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Myocardial Perfusion Imaging artifacts: centric h-EPI and its sensitivity to frequency errors
Journal of Cardiovascular Magnetic Resonance volume 12, Article number: P219 (2010)
Clinical myocardial perfusion often uses Echo-Planar-Imaging, in a multishot "hybrid" variety using centre-out phase-encode-order ("h-EPI") [S Ding, et al., MRM, 39:514, 1998] for robustness against susceptibility dephasing of signal within pixels, especially during first-pass of paramagnetic Contrast-Agent (CA). However, this sequence may be sensitive to frequency errors.
We examined the artifacts, specifically whether they could cause subendocardial Dark Rim Artifacts (DRA) mimicking perfusion defects in patients.
Clinical h-EPI stress/rest perfusion studies were reviewed after phantom images drew our attention to the off-resonance sensitivity of the h-EPI technique. All work was done at 1.5 T (Avanto, Siemens); h-EPI (4 echoes); TR/TE 5.1/1.7 ms; pixel size 2.8 × 2.8 × 8 mm; flip angle 30 deg; bandwidth 1860 Hz/pixel; saturation-recovery (TI = 90 ms); TSENSE with R = 2; Gd-based CA 0.1 mmol/kg at 3.5 ml/s. The sequence was also used to image across a hollow diamagnetic gelatine cylinder containing 12.5 mmol/L Gd-DTPA solution, forming a magnetostatic and relaxation-time model of the LV during CA first-pass. Phantom images were acquired at two scanner reference frequencies, approximating the gelatine "myocardium" and LV "blood" frequencies. For comparison, the phantom was also imaged with a balanced-SSFP perfusion sequence. For one in-vivo perfusion study, accumulated phase-errors corresponding to scanner reference frequency offsets were applied to the stored raw-data and images were repeat-reconstructed to examine h-EPI's sensitivity to the frequency used for the patient.
When the reference frequency was set to myocardium (Figure 1 left), the LV blood "split" into two superimposed copies 5 mm above and below its true location (red-arrows) along the phase-encode direction. Conversely using the blood frequency (Figure 1 centre), the LV blood was imaged sharply, whereas the off-resonance myocardium split (green-arrows); explained by the opposite phase-encode directions of data collection of centre-out h-EPI. Part of the myocardial splitting deepened the Gibbs DRA (yellow-arrows). BSSFP is also shown (Figure 1 right).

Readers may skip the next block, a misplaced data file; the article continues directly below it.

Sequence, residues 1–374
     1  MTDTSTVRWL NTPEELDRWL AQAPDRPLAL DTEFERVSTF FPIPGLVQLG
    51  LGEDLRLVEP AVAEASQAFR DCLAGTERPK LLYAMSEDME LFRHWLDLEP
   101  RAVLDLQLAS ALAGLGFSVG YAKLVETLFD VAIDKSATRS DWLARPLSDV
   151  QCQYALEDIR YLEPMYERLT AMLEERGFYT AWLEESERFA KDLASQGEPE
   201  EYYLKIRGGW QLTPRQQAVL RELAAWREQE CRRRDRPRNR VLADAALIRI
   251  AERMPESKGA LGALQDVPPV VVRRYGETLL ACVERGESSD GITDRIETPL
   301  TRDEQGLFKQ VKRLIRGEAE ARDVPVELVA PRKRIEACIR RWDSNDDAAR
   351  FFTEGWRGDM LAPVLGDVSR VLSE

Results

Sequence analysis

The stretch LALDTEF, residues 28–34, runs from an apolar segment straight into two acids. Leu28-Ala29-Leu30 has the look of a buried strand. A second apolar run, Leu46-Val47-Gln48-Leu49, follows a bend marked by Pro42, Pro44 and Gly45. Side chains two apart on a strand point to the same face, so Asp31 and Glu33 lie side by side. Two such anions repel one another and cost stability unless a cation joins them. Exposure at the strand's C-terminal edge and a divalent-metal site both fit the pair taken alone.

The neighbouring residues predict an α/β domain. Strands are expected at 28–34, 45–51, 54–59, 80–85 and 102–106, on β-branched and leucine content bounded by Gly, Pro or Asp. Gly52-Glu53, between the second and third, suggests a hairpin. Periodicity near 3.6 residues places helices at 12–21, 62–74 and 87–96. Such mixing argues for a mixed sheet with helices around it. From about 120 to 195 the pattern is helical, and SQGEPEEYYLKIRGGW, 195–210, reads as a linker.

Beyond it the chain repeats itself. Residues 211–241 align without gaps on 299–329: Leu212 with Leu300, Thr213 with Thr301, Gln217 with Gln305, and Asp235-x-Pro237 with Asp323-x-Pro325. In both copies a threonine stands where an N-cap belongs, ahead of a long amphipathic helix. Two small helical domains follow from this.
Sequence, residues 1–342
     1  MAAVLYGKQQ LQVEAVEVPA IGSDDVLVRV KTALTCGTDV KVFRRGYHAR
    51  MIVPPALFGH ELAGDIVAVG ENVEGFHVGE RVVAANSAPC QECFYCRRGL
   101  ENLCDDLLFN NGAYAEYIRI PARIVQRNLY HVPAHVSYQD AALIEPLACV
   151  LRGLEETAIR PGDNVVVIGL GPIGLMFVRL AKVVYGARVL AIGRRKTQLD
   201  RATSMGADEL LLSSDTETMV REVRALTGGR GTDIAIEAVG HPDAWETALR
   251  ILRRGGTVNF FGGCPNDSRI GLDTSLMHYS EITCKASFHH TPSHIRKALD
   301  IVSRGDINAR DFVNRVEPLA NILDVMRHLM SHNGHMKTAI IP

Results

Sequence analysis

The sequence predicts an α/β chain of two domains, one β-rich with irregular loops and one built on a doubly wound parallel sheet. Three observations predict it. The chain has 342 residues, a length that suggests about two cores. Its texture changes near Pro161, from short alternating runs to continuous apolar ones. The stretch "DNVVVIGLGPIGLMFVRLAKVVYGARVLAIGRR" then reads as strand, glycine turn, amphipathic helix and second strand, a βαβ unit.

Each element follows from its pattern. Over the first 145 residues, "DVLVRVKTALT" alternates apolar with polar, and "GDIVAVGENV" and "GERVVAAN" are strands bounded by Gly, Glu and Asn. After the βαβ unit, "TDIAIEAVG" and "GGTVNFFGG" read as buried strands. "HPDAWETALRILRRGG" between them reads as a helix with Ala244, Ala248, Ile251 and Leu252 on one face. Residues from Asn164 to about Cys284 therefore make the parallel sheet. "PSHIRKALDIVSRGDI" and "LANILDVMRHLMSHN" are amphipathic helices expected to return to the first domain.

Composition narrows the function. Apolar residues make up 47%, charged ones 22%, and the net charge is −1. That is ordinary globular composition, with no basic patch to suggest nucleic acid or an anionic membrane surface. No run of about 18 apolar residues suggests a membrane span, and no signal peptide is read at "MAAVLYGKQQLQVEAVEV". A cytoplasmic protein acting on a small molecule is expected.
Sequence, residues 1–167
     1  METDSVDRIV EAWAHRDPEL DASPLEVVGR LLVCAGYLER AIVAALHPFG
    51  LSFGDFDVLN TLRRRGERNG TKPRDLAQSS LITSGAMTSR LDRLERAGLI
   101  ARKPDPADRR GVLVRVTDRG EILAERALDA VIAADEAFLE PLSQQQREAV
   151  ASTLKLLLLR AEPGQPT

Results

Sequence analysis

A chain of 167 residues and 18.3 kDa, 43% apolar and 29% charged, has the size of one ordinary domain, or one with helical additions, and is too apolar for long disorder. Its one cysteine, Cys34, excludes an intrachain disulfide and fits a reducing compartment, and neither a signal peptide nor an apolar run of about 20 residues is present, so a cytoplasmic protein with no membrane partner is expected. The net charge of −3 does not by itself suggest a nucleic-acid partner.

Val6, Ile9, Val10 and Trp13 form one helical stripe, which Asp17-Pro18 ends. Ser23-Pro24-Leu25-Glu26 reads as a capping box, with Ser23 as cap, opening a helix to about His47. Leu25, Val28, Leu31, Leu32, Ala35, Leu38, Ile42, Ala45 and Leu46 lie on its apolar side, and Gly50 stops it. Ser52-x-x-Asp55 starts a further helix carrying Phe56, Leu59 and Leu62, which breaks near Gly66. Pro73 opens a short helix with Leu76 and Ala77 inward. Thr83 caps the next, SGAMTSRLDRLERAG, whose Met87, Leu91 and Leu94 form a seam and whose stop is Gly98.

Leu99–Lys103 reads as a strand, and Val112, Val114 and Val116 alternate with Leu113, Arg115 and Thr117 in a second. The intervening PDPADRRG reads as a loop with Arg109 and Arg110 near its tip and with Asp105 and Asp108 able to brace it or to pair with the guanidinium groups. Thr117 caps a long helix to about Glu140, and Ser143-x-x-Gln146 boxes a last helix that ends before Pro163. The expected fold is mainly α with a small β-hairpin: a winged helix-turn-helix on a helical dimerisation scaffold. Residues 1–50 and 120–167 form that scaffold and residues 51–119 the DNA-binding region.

Clinical examples of this effect occurred (extreme example Figure 2; less prominent Figure 3 left), probably dependent on scanner reference frequency and shimming. Because this could not be proved during clinical scanning, the effective scanner reference frequency was changed by raw-data reprocessing (Figure 3 right): increased lateral wall sharpness, but degraded the septum, implying a frequency slope across the heart in this patient.
In clinical use, the h-EPI centre-out phase-encode order is sufficiently sensitive to frequency offsets that phase-encode "splitting" of the endocardial border may degrade image clarity and even generate subendocardial DRAs along the phase encode direction.
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Ferreira, P., Gatehouse, P. & Firmin, D. Myocardial Perfusion Imaging artifacts: centric h-EPI and its sensitivity to frequency errors. J Cardiovasc Magn Reson 12 (Suppl 1), P219 (2010). https://doi.org/10.1186/1532-429X-12-S1-P219
- Myocardial Perfusion
- Myocardial Perfusion Image
- Frequency Error
- Phantom Image
- Frequency Offset